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    I've had trouble in the afternoons too. I went to the lower elevations on the Little river just inside the park last Wednesday and didn't see a single rise. I was chunkin' and duckin' heavy weighted streamers hoping for a big one but had no luck.

  9. #9
    Join Date
    Jul 2009
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    Knoxville, TN
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    Quote Originally Posted by spotlight View Post
    I can do the dry fly fishing but when it comes to nymphs a whole different story........
    Spotlight, it's a lot easier than you think, and it sounds like you probably were nymphing just fine. The biggest factors are deciding:
    - how deep to fish (that's where you decide if you want a bead head or not... some people also add some tiny split shot to get real deep. If you are fishing a dropper, you also need to think about how much line you need)
    - what nymph to fish (there are about 5 or 6 that are very common and you always want to have in your fly box both with and without bead heads... among them: pheasant tale, hare's ear, prince, tellico, green weenie)

    Use a dry fly with a dropper and your dry fly is your strike indicator. Fish a single nymph with a strike indicator, or fish a double nymph setup with a strike indicator. There's a million kinds of strike indicator, so just experiment and figure out the ones that you like best. I like the little stick on ones. Some of my buddies exclusively use yarn.

    As far as drift, treat that strike indicator just like you would a dry fly. If your strike indicator is drifting good, so is your nymph. That's really all you need to know. Everything else just comes with experience!

    When I'm fishing the really small water, I'll often fish something that is really easy to see like a green weenie and not even use a strike indicator just to hone those skills as well. Some of the really good old timers don't need an indicator at all, but I'm far from that league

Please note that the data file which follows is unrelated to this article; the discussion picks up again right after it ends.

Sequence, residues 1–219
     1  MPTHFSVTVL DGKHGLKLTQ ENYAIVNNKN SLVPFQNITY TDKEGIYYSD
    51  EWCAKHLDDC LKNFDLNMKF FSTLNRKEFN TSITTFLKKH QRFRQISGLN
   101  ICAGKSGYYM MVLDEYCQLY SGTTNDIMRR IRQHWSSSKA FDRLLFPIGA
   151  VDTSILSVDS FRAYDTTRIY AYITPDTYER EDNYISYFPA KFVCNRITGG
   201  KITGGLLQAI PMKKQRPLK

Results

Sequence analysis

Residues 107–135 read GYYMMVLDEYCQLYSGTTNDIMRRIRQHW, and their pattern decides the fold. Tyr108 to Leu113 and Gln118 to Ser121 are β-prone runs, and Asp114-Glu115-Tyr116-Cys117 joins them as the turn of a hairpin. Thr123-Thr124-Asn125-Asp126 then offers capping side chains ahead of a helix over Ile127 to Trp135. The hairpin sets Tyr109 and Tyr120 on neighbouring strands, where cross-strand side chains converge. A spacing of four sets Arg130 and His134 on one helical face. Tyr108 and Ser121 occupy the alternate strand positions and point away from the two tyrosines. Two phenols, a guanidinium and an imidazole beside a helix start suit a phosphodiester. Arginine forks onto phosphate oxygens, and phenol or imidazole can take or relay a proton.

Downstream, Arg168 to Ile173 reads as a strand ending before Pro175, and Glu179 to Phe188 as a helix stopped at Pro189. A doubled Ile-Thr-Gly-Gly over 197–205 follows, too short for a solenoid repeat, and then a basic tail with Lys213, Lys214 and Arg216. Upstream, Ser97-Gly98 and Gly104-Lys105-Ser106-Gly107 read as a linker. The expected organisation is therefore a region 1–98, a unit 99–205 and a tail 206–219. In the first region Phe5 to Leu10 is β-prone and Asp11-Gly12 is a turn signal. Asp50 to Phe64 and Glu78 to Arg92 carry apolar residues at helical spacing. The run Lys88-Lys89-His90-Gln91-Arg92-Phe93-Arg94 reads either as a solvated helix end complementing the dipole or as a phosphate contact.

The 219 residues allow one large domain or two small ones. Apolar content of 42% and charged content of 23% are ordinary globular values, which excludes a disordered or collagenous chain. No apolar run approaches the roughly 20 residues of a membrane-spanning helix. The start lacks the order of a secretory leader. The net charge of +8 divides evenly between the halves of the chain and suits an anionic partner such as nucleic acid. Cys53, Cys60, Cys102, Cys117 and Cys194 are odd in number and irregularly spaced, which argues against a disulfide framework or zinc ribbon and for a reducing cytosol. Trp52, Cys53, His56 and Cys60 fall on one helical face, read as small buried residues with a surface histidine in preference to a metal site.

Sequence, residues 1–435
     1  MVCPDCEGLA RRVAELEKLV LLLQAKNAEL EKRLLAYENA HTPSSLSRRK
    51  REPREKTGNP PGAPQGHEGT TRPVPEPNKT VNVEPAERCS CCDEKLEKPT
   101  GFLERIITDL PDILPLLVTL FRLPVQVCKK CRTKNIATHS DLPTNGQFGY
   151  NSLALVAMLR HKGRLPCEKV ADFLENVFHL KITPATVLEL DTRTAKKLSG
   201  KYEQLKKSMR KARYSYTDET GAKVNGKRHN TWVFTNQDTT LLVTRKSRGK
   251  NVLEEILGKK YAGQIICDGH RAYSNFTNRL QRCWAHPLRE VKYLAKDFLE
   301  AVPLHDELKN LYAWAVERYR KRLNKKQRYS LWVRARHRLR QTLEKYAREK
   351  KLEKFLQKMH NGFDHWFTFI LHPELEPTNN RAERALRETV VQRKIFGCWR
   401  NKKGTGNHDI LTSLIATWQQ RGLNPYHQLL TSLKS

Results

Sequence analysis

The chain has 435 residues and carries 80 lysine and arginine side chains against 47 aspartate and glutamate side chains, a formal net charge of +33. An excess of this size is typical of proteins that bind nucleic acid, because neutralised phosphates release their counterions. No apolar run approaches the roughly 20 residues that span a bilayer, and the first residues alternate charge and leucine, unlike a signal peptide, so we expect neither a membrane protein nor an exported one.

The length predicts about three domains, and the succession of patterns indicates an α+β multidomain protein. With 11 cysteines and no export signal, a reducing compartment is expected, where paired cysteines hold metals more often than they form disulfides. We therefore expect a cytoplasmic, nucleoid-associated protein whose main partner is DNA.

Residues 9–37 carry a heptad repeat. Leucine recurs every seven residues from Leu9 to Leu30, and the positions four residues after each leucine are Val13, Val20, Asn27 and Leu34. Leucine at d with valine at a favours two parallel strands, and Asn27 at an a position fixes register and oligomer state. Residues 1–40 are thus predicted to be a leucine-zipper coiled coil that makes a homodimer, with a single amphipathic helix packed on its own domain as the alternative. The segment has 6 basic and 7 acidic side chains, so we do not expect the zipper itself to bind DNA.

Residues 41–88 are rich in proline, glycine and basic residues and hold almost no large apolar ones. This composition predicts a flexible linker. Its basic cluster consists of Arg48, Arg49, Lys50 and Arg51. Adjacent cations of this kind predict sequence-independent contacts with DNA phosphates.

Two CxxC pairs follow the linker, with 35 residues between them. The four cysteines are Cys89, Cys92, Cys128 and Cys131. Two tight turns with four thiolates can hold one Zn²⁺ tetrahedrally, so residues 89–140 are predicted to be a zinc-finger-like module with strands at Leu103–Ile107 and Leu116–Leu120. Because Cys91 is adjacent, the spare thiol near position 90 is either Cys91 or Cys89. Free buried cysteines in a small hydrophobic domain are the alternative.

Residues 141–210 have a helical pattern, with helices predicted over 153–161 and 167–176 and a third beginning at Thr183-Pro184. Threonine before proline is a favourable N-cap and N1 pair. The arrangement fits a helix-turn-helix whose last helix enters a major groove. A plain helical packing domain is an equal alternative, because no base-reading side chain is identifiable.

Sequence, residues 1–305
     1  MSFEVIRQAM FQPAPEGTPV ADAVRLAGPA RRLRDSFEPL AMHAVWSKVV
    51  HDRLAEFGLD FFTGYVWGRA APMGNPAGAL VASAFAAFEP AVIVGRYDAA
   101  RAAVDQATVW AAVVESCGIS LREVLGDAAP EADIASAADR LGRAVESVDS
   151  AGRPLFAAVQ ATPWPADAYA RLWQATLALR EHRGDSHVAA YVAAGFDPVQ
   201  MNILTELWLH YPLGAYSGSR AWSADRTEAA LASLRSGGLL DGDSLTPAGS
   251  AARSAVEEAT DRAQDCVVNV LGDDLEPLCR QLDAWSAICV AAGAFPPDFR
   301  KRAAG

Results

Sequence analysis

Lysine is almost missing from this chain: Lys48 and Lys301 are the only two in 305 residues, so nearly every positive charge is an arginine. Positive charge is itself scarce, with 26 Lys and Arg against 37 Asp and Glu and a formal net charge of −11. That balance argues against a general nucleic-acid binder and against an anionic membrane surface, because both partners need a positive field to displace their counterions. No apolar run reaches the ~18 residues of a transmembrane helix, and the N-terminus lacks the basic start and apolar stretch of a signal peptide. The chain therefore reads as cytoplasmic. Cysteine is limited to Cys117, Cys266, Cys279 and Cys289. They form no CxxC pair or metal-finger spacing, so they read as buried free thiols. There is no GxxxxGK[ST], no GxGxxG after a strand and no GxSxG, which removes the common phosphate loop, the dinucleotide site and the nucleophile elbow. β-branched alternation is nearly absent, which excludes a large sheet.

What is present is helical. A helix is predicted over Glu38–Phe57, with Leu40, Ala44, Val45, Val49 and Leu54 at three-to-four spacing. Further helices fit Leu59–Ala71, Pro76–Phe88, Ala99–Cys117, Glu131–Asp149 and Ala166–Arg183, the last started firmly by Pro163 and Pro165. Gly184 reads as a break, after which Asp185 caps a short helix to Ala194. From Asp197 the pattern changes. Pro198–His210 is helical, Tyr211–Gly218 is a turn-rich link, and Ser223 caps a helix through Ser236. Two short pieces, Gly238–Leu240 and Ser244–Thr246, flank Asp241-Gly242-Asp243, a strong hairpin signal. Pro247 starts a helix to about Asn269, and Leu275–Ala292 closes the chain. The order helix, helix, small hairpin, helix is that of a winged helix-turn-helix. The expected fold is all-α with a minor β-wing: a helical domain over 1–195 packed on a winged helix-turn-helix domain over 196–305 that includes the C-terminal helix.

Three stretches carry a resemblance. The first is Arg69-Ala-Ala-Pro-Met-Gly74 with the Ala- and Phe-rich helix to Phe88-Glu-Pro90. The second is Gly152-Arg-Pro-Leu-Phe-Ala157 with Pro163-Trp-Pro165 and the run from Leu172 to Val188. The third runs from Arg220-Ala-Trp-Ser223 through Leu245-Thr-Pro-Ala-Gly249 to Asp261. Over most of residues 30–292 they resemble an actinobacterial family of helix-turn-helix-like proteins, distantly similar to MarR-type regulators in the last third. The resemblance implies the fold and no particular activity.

And by the way, I never fish the Park without a nymph on! Why just fish a dry when you can fish both?
    I got no style, I'm strictly roots.

  10. #10
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    Sep 2009
    Location
    Maryville Tennessee
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    Quote Originally Posted by Carlito View Post
    Spotlight, it's a lot easier than you think, and it sounds like you probably were nymphing just fine. The biggest factors are deciding:
    - how deep to fish (that's where you decide if you want a bead head or not... some people also add some tiny split shot to get real deep. If you are fishing a dropper, you also need to think about how much line you need)
    - what nymph to fish (there are about 5 or 6 that are very common and you always want to have in your fly box both with and without bead heads... among them: pheasant tale, hare's ear, prince, tellico, green weenie)

    Use a dry fly with a dropper and your dry fly is your strike indicator. Fish a single nymph with a strike indicator, or fish a double nymph setup with a strike indicator. There's a million kinds of strike indicator, so just experiment and figure out the ones that you like best. I like the little stick on ones. Some of my buddies exclusively use yarn.

    As far as drift, treat that strike indicator just like you would a dry fly. If your strike indicator is drifting good, so is your nymph. That's really all you need to know. Everything else just comes with experience!

    When I'm fishing the really small water, I'll often fish something that is really easy to see like a green weenie and not even use a strike indicator just to hone those skills as well. Some of the really good old timers don't need an indicator at all, but I'm far from that league

    And by the way, I never fish the Park without a nymph on! Why just fish a dry when you can fish both?
    Man those are all good tips thanks!